A bill before the Legislature that would lower Washington’s legal limit for a driver’s blood alcohol content from 0.08 percent to 0.05 percent is worthy of consideration — but business concerns must not get short shrift.
State Sen. John Lovick, D-Mill Creek, is Senate Bill 5002’s primary sponsor. A former Washington State Patrol trooper and one-time sheriff of Snohomish County, Lovick maintains lowering the drunken-driving threshold will make Washington’s roads safer. According to the Associated Press, Lovick noted that more than half of the state’s 700-plus traffic fatalities last year were DUI-related.
Currently, Utah is the only state with a 0.05 DUI limit; it’s 0.08 in the rest of the country. Utah enacted the lower limit in 2019. According to a Stateline report, the National Highway Traffic Safety Administration found that Utah’s rate of fatal crashes dropped nearly 20 percent in 2019, compared with 2016.
The report says the NHTSA noted that “more than 22 percent of those who drank alcohol in Utah indicated that they had changed their behavior once the law went into effect, such as ensuring that a sober ride was available.”
But what of businesses reliant on alcohol sales? According to a report on Utah’s law in The Hill, “Researchers said the state’s alcohol sales didn’t suffer despite the lower BAC limit, as alcohol sales and per capita consumption actually increased, as did tourism and tax revenues. Arrests for driving under the influence also did not increase markedly after the law took effect.”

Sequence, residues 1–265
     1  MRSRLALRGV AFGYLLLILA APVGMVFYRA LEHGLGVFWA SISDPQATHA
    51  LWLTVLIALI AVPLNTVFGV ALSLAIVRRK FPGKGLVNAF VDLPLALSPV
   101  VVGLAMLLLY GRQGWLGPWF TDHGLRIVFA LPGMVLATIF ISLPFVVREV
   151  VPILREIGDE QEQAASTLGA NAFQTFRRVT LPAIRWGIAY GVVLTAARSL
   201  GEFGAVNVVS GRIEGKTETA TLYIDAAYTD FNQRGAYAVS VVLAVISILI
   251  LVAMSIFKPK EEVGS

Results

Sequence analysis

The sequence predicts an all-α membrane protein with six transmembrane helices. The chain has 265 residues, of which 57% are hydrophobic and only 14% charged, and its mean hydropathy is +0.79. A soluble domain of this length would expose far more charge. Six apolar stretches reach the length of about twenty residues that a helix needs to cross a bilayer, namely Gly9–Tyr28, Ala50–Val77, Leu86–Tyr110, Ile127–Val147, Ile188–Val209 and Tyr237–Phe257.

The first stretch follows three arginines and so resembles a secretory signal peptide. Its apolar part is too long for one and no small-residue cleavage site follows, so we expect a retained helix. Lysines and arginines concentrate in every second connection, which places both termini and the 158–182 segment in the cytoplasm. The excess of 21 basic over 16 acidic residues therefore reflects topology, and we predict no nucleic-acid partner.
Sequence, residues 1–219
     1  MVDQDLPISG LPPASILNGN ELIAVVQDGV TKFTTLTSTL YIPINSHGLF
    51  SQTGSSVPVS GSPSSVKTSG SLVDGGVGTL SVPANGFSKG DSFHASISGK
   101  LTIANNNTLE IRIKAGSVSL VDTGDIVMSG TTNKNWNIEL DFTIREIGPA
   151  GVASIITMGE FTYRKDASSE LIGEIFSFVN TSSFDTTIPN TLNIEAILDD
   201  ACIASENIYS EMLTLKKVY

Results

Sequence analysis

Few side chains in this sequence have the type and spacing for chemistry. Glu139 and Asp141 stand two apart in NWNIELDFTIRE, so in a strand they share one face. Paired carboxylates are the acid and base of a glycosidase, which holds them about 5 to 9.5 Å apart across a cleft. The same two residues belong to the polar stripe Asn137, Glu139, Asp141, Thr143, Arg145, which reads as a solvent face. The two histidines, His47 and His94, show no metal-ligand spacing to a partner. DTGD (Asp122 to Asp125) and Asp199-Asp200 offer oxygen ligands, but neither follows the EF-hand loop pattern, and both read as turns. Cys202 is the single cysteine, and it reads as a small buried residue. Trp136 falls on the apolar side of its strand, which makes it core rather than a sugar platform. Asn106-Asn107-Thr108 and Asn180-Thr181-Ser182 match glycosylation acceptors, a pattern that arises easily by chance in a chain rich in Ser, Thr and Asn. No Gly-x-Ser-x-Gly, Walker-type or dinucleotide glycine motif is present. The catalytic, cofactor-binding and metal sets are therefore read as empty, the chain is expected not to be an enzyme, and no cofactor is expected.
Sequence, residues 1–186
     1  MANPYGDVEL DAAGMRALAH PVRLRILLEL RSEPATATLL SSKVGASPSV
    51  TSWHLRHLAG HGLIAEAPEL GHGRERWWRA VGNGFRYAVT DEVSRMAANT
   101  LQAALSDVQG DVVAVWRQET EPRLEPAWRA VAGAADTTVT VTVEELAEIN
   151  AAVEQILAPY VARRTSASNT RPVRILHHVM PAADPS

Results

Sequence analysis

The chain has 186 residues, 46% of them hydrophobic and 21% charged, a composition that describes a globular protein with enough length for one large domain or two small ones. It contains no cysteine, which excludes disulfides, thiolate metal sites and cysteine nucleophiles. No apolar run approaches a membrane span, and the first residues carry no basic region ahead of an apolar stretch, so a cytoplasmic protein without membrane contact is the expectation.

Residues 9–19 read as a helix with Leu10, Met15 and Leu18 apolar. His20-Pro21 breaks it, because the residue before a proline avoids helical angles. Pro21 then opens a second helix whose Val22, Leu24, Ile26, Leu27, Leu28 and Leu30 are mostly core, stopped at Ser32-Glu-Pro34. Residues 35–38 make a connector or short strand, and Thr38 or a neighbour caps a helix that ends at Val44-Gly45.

According to a study reported in December 2019 in Drug and Alcohol Review, those in Scotland’s hospitality industry also were concerned when that country lowered its blood alcohol content to 0.05. But most worries did not come to fruition. “Estimates of the size of the economic impact varied from ‘a couple of pints a day’ to £300 (about $369) per week in sales.” While that doesn’t seem like a lot of money, it should be noted that bars and restaurants are running on very thin profit margins, especially since the COVID-19 pandemic. Any measure that further stresses those margins demands, well, sober consideration.
Beyond monetary concerns, businesses worry that it will be difficult to distinguish when a customer has exceeded the 0.05 limit. There is “no discernible way to recognize signs of intoxication” at 0.05 percent, the Washington Hospitality Association’s Julia Gorton said in opposing Lovick’s bill.
Dovetailing with SB 5002 is Senate Bill 5032 from Sen. Mike Padden, R-Spokane Valley, that would crack down on repeat DUI offenders. This is the third year Padden has pushed his legislation, which passed the Senate in both 2021 and 2022 only to die in the House.
SB 5032 would expand the period for reviewing prior convictions of impaired driving from the 10 years currently allowed under state law to 15 years. It would also increase the penalty from a gross misdemeanor to a felony for anyone who has three or more DUI offenses within the “lookback” period.
Padden said in testimony in support of the bill that repeat impaired-driving offenders commit most of the vehicular homicides and vehicular assaults in the state. “This is a measure to try to prevent those horrible, senseless crimes,” he said.
Any measures that deter impaired driving and help make Washington’s roads safer deserve careful consideration. But steps must also be taken to ensure the state’s businesses reliant on alcohol aren’t stuck with the tab.